Skip to main content
  • Suggested IETF 119 Sessions for Getting Familiar with New Topics

    These IETF 119 meeting sessions included discussions and proposals that are accessible to a broad range of Internet technologists whether they are new to the IETF or long-time participants.

      26 Feb 2024
    • Google and consortium of local organizations to host first Australian IETF meeting in over 20 years

      Google, auDA, and Internet Association Australia (IAA) provide key support for Brisbane meeting to be held 16-22 March 2024

        23 Feb 2024
      • JSONPath: from blog post to RFC in 17 years

        Today the JSONPath RFC (RFC 9535) proposed standard was published, precisely 17 years after Stefan Gössner wrote his influential blog post JSONPath – XPath for JSON that resulted in some 50 implementations in various languages.

        • Glyn NormingtonRFC 9535 Editor
        21 Feb 2024
      • Stepping towards a Sustainable Internet

        The IAB’s new Environmental Impacts of Internet Technology (E-Impact) program will hold its first virtual interim meeting over two slots on 15 and 16 February 2024. These interim meetings are open to participation, and we invite all interested community members to join, participate, and contribute.

        • Jari ArkkoE-Impact Program Lead
        • Suresh KrishnanE-Impact Program Lead
        7 Feb 2024
      • What’s the deal with Media Over QUIC?

        In 2022, the IETF formed a working group for Media Over QUIC (MoQ)—a media delivery solution that has the potential to transform how we send and receive media during live streaming, real-time collaboration, gaming, and more.

        • Brett BralleyThought Leadership Content Writer, Cisco
        25 Jan 2024

      Filter by topic and date

      Filter by topic and date

      YANG Catalog: A glance back as it moves ahead

      • Benoît Claise
      • Joe Clarke
      • Carl Moberg
      • Éric Vyncke

      8 Mar 2019

      The YANG Catalog, a platform for publishing and accessing information about and tooling for developing and using YANG models, is entering a new phase as it transitions to a platform supported by the IETF Administration LLC.

      The YANG Catalog provides a place where vendors and operators can share and find the data models that make configuring and operating networks easier and more efficient. YANG is defined by RFC 6020 and RFC 7950, and provides a data modeling language for the Network Configuration Protocol, NETCONF, defined in RFC 6241, and RESTCONF, defined in RFC 8040.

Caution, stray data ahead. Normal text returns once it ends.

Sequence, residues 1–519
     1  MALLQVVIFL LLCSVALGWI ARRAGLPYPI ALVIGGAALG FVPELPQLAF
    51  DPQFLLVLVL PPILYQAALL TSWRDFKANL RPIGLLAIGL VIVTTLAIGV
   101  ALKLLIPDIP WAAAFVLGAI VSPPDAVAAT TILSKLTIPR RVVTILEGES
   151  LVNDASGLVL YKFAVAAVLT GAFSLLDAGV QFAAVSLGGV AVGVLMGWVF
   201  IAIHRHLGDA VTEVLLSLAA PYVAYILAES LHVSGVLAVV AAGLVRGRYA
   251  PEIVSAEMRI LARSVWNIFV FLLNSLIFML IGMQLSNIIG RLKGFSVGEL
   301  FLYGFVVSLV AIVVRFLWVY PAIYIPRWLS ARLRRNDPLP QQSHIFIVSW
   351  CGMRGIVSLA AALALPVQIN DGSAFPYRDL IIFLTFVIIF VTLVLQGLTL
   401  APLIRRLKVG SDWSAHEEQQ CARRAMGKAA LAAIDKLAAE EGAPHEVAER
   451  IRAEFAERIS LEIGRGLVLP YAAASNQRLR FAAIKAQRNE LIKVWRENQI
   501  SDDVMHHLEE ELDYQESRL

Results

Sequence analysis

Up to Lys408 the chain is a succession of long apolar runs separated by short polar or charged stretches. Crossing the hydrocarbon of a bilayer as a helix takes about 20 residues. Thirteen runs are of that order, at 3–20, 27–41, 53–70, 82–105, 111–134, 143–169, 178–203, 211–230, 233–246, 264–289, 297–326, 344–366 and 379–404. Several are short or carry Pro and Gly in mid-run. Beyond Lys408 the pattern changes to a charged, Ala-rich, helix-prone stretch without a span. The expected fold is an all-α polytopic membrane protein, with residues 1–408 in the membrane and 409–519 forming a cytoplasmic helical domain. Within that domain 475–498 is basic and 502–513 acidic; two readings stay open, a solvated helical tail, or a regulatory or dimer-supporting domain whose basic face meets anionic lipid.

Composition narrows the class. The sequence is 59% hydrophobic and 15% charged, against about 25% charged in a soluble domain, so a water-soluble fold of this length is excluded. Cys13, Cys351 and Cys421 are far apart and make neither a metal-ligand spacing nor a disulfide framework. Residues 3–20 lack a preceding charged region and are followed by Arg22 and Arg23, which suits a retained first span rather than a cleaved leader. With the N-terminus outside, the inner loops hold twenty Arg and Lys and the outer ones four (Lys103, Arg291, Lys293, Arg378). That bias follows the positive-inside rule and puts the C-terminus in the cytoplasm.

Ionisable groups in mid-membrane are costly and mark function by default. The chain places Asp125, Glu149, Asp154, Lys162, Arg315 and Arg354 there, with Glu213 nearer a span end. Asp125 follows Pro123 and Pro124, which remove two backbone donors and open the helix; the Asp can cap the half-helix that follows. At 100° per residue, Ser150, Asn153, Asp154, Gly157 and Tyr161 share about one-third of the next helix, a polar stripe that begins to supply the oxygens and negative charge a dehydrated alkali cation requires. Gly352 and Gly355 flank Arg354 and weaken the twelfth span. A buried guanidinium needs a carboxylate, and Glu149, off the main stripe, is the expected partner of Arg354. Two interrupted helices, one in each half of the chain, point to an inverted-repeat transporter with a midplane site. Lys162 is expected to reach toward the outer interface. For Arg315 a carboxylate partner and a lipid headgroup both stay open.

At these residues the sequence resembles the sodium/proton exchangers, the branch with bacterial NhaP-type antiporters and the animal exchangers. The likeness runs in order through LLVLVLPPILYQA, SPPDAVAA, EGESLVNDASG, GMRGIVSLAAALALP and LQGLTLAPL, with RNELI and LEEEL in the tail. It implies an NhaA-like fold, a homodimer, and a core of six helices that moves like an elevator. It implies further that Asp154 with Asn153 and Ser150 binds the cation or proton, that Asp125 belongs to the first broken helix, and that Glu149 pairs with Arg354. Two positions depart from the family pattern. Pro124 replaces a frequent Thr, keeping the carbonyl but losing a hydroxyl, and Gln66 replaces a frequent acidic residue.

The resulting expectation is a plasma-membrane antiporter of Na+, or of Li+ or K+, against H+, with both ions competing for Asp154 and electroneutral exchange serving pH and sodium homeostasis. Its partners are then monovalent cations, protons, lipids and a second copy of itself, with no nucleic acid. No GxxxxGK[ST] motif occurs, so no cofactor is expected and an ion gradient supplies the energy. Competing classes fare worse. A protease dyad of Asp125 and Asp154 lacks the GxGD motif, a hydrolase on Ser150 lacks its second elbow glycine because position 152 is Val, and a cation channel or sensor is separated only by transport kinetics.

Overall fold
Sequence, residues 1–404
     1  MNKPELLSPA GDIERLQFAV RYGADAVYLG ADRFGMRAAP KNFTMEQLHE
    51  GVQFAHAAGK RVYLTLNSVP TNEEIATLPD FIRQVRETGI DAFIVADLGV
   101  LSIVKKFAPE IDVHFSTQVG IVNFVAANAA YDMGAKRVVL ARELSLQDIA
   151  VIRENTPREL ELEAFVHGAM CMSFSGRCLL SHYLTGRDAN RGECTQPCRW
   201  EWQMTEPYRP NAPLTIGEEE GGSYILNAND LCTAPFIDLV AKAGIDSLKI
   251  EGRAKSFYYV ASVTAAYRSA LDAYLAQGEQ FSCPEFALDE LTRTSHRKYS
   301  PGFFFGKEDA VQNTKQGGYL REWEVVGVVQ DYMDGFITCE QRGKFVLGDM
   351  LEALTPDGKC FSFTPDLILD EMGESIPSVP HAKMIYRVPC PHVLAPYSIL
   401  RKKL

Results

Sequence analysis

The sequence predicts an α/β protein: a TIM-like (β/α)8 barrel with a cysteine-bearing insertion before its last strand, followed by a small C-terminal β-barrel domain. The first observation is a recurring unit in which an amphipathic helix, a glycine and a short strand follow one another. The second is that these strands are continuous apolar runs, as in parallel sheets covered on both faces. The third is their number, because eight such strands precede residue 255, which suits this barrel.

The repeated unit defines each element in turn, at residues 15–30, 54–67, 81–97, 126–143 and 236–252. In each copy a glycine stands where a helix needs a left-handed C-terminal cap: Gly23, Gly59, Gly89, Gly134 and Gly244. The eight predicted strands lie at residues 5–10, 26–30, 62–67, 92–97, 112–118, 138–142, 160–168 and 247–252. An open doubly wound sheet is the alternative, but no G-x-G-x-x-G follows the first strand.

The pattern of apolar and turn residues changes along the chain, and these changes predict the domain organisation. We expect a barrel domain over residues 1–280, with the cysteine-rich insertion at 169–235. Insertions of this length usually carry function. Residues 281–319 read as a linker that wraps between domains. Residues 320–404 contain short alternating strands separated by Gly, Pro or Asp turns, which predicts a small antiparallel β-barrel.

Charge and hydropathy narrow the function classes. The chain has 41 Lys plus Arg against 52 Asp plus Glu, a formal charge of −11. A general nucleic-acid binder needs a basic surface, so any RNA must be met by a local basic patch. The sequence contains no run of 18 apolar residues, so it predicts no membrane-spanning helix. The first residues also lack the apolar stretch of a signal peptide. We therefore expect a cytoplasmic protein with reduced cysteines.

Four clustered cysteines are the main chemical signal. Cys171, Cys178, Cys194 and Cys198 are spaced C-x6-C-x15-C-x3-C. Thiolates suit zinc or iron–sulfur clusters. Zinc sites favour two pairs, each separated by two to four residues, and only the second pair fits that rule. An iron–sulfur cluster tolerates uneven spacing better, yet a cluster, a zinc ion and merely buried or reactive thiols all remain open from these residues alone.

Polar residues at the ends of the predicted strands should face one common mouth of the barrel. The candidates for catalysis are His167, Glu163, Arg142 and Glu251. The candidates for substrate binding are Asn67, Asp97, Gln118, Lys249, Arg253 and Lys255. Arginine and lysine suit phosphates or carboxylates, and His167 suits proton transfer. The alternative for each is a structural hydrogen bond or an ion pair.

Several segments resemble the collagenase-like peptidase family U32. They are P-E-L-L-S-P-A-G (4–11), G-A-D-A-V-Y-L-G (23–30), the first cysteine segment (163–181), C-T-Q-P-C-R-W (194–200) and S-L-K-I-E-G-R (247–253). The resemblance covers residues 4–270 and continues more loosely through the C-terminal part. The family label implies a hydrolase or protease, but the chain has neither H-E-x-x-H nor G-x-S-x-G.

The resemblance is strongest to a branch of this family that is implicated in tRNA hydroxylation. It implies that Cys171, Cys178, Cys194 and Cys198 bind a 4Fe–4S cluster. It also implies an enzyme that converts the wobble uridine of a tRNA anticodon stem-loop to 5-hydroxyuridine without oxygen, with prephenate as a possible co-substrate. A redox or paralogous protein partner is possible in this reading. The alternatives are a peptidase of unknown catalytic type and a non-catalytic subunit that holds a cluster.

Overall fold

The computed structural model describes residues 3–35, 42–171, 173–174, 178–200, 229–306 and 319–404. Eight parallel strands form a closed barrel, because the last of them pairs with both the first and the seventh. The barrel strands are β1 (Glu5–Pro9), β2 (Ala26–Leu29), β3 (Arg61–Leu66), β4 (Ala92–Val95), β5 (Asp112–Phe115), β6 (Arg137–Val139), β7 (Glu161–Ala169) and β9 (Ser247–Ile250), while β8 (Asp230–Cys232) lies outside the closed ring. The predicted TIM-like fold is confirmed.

So, if you are a network equipment vendor, join the companies that are already making their YANG models available via the YANG Catalog. If you are a network operator, and aren’t already using the YANG Catalog, try out the various tools available. If you a member of the Internet community, we encourage you to continue to contribute to make the YANG Catalog more useful to you. An upcoming opportunity is our project at the next IETF Hackathon, on 23-24 March 2019 in Prague, just before the IETF 104 meeting where we will continue the unbroken streak of work to make it easier and simpler to manage networks. And always feel free to email us at YANG Catalog.

      As its name suggests, the YANG Catalog provides an easy-to-use way to find relevant YANG models from across nearly a dozen contributing organizations, but doesn’t itself store the models. It began from idea at the very first IETF Hackathon in 2015, and has been further developed at every IETF Hackathon since.

      Previous IETF Blog posts have provided updates on features and tools that have been incorporated into and inspired by the YANG Catalog. Tools available at the YANG Catalog website allow you search for YANG modules, display their metadata, and analyze their impact via a graph visualization. 

      As just one example of the practical benefits these tools provide, in 2016, the Broadband Forum published its first YANG models for Fiber-To-The-distribution point (FTTdp) management software specification, which allowed operators to configure and control fiber-fed nodes (DPUs) in the periphery of the access network, enabling interoperability for FTTdp management. In 2017, Broadband Forum Chairman Kevin Foster stated, “By providing open access to a wide variety of models that can be combined to meet specific network management needs, including active validation and testing of the new models, the YANG Catalog provides an alternative to large and sometimes cumbersome standards processes. It is a key enabler in the evolution towards more agile and programmable networks.”

      The YANG Catalog’s ongoing development has been possible thanks to the contributions of many individuals, and the funding support of Cisco. Befitting the broad participation and use the YANG Catalog now enjoys, the IETF Administration LLC has taken over its ongoing support. This move doesn’t change our commitment to the project; as individuals we look forward to continuing to be personally involved in the further development of the YANG Catalog. We also expect participation and use across the industry to continue to grow.


      Share this page